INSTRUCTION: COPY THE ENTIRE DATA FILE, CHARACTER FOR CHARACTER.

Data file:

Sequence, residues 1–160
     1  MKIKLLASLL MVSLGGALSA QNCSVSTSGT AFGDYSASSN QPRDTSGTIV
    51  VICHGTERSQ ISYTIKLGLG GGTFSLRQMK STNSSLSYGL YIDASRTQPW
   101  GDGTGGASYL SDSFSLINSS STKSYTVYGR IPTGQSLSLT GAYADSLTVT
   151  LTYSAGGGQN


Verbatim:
Sequence, residues 1–160
     1  MKIKLLASLL MVSLGGALSA QNCSVSTSGT AFGDYSASSN QPRDTSGTIV
    51  VICHGTERSQ ISYTIKLGLG GGTFSLRQMK STNSSLSYGL YIDASRTQPW
   101  GDGTGGASYL SDSFSLINSS STKSYTVYGR IPTGQSLSLT GAYADSLTVT
   151  LTYSAGGGQN